Doctor of Philosophy
School of Law
Amri, Ahmad Almaududy, Maritime Security Challenges in Southeast Asia: Analysis of International and Regional Legal Frameworks, Doctor of Philosophy thesis, School of Law, University of Wollongong, 2016. https://ro.uow.edu.au/theses/4863
The unique maritime geography of the Southeast Asian region presents distinct maritime security threats. Southeast Asia has a vast maritime area and the ocean plays an important role in the economy of all Southeast Asian countries. The flow of trade in this region is highly dependent on maritime trade and constitutes one of the main sources of national income.
Analyses of the prevailing international and regional legal frameworks governing maritime security threats in Southeast Asia are elaborated in this thesis. Moreover, the thesis confines the scope of its inquiry specifically to five issues: piracy, maritime terrorism, people smuggling, IUU fishing, and marine pollution caused by offshore oil and gas activities. Furthermore, the thesis examines these maritime security challenges, both from an international and a regional perspective.
This thesis analyses the components of the international and regional legal frameworks which govern issues of maritime security in Southeast Asia and identify their weaknesses. It also identifies and addresses the problems which stem from the inherent gaps and weaknesses in legal instruments at the international and regional levels, as well as the measures that are required to remedy these gaps and weaknesses. Furthermore, in circumstances where no binding legal framework is in place to regulate certain maritime security challenges, the thesis examines existing non-binding legal and policy frameworks which address the maritime security challenges.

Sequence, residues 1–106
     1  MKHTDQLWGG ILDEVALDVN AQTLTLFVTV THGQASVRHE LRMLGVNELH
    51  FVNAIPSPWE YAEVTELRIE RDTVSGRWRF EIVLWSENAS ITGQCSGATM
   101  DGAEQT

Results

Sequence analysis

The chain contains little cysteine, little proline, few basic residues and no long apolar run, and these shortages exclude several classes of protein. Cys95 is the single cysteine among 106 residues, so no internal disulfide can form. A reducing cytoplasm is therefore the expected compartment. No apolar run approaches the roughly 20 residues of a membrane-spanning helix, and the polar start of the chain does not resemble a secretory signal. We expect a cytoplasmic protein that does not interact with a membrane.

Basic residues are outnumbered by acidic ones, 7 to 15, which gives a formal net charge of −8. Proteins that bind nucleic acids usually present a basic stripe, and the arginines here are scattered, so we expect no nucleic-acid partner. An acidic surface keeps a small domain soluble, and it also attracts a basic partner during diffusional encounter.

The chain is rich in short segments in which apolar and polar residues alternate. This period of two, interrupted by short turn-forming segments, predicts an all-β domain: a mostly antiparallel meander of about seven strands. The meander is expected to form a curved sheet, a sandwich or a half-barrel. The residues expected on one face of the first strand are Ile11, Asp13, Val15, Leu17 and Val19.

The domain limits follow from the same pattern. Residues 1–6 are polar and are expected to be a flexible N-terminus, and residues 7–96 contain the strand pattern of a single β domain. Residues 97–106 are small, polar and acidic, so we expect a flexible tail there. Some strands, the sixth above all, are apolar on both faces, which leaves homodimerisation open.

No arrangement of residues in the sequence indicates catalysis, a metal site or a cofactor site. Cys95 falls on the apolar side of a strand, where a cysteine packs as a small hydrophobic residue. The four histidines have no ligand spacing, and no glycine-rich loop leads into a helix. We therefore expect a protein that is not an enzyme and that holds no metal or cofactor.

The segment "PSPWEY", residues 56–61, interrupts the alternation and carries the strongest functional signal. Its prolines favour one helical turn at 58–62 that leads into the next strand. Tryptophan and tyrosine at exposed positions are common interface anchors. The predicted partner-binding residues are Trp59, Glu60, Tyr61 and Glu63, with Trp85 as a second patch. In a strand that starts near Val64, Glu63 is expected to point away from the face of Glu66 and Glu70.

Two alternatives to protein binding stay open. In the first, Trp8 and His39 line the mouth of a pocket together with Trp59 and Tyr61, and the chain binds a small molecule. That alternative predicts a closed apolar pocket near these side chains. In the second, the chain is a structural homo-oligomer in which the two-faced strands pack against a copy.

The thesis concludes that the current international and regional legal frameworks are inadequate to address the issues of piracy, maritime terrorism, people smuggling, IUU fishing and marine pollution caused by offshore oil and gas activities in Southeast Asia. In order to address these maritime security threats in a comprehensive manner, there is a need for States in the region to cooperate with one another to formulate (and sometimes reformulate) existing legal frameworks.
Unless otherwise indicated, the views expressed in this thesis are those of the author and do not necessarily represent the views of the University of Wollongong.